I don’t know that I would ever recommend reading Intentional Talk cover to cover. I know that’s exactly what I’m doing this summer, but I can see why it might backfire with regards to changing teacher practice. Across 6 chapters, roughly 112 pages, the book goes in depth into 6 different ways to plan for and structure classroom conversation. The material is so rich, I can see teachers feeling overwhelmed attempting to put all of it into practice in a meaningful way.
In fact, that happened this past year at an elementary school in my district. The faculty did a book study of Intentional Talk, but by the end of the year there was little evidence that teachers were leading varied and intentional discussions. They liked what they read, sure, but trying to plan for and implement all these discussion types got pushed to the side because of numerous other demands on their time. They suffered from the problem of biting off more than they could chew.
This is a defeatist way to start a post, but the reason I’m leading with these thoughts is because I’ve been thinking about how to share this book with teachers and begin to help them successfully incorporate these ideas into their practice. My answer is to start with chapter 2.
Chapter 1 is excellent, don’t get me wrong. It provides rationale for why well-planned discussions are important, but honestly that chapter is only a must read for someone who craves background information or a reason to pursue this work. If you’re reading the book, you’ve probably already decided you want to learn more about facilitating classroom conversations. You aren’t looking for convincing. In that case, you probably want to jump right in and learn something new. So my advice is to skip chapter 1 (for now, at least) and move straight to chapter 2.
And then stop.
Seriously. Quit reading the book.
Take the time to apply what you learn in this one chapter. Believe me, there’s plenty to sustain you for a while! Take time to establish your classroom norms. They are critically important to creating the safe, respectful environment your students need before you start tackling the other discussion types. Take time to teach students the talk moves. Students need practice in learning what to say and how to say it. Let them practice. Let yourself practice! The talk moves are probably going to be new to you, too. Practice using them until you feel comfortable with them. That will take the pressure off when you do finally decide to tackle one of the targeted discussion types.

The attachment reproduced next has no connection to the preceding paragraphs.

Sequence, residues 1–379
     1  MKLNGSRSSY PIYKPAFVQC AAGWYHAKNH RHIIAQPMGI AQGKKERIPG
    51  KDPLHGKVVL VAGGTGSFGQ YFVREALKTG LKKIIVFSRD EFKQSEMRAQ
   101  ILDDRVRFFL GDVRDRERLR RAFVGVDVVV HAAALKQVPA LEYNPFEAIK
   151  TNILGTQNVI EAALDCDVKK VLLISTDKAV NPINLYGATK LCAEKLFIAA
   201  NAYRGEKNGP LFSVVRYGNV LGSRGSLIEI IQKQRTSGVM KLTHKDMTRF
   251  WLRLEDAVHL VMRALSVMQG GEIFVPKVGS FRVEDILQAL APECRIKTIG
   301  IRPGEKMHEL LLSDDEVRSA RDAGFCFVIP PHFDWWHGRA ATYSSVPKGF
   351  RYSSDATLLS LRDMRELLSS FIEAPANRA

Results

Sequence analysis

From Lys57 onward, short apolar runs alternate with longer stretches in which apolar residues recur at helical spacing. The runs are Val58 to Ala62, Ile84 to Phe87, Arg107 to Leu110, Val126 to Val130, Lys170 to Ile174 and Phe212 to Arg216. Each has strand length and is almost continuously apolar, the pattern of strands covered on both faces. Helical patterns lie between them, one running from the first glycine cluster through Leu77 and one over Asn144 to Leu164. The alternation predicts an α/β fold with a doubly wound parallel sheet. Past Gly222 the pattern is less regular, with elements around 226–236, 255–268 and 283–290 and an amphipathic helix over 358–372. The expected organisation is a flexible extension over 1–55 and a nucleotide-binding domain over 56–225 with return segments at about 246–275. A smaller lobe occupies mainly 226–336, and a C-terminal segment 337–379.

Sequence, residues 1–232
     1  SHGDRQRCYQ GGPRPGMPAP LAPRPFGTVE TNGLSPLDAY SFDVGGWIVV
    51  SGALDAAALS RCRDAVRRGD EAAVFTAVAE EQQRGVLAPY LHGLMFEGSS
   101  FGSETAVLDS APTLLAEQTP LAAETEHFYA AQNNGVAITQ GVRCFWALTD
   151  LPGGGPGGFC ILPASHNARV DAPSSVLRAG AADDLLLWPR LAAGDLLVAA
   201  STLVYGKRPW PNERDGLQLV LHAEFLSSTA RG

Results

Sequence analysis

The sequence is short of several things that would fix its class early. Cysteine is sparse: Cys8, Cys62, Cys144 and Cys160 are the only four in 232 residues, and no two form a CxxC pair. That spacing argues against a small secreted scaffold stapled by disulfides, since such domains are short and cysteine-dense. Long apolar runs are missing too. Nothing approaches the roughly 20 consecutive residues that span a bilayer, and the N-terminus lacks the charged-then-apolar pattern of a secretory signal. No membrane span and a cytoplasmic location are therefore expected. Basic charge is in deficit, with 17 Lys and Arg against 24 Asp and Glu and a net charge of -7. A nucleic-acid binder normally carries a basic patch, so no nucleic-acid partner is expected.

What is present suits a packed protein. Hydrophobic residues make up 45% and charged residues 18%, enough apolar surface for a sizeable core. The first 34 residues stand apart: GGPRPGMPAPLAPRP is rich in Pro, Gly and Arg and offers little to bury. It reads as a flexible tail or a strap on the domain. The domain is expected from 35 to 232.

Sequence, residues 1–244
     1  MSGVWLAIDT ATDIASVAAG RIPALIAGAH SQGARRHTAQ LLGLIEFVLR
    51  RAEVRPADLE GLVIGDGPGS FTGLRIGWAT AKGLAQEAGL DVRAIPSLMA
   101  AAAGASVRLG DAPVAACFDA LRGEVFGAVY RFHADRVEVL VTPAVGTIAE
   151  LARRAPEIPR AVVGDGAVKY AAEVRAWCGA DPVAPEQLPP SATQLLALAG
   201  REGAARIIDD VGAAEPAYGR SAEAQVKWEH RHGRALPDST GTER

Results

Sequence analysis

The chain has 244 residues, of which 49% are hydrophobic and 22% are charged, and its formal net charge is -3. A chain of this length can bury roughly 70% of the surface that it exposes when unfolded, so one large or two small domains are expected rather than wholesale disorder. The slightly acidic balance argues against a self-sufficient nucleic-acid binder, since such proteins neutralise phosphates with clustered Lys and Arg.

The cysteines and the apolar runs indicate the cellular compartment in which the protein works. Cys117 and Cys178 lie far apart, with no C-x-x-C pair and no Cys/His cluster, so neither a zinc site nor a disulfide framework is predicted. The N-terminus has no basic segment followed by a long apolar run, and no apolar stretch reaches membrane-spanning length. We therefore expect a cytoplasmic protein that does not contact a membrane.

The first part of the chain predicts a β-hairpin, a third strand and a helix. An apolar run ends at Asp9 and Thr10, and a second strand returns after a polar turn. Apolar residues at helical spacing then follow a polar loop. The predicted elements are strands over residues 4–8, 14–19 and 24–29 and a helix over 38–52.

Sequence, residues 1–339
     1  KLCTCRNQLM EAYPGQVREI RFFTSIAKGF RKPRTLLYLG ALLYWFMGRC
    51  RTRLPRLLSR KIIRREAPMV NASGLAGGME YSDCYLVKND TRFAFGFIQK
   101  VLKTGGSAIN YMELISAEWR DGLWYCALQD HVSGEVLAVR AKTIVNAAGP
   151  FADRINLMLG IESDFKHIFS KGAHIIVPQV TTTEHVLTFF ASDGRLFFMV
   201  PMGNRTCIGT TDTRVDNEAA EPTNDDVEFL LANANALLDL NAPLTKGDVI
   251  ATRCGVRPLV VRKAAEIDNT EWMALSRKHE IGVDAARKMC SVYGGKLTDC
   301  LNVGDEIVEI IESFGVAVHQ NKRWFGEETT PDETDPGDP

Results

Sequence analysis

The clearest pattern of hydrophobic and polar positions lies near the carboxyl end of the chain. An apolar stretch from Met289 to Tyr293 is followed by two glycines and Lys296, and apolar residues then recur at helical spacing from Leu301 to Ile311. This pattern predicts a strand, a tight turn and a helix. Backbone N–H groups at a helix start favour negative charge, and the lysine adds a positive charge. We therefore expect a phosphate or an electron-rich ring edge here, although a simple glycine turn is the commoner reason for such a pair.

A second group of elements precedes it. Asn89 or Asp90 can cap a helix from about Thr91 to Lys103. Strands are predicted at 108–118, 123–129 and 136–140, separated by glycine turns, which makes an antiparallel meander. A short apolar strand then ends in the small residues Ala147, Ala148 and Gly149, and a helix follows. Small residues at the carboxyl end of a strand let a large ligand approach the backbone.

How long should you wait before picking the book up again? I have no idea. But chances are you’ll know when you’re ready. It might take a couple weeks, a month, or it might take a full semester, but at some point you’re going to notice that your students have gotten really good at sharing and discussing their strategies for solving problems. You’re going to realize that you know the talk moves like the back of your hand. That will be the time to branch out and ask yourself the question, “What other kinds of conversations could we be having?”
At this point, I might recommend reading pages 1-5 in chapter 1 to reconnect with the book and the principles that guide it. When you’re done, consult the table at the bottom of page 3 that provides a brief summary of the goals of each discussion type. Read through those and think about which type might support your students where they are currently in their math learning. After you choose one of the targeted discussion types, read the corresponding chapter and then stop. Quit reading the book again, and take the time to practice the new discussion type while continuing to do open strategy sharing.
Assuming you’re like most teachers, you’re going to teach more than one school year. There’s no reason you have to learn and master all these discussion types in one school year. The most important thing you can do is start by creating a classroom culture where students’ ideas are valued by you and their peers. Where students feel safe taking risks in sharing their ideas because they know everyone in the class is there to support each other in making sense of mathematics. Chapter 2 will help you with this goal. The rest of the book is great, but it can wait. No rush.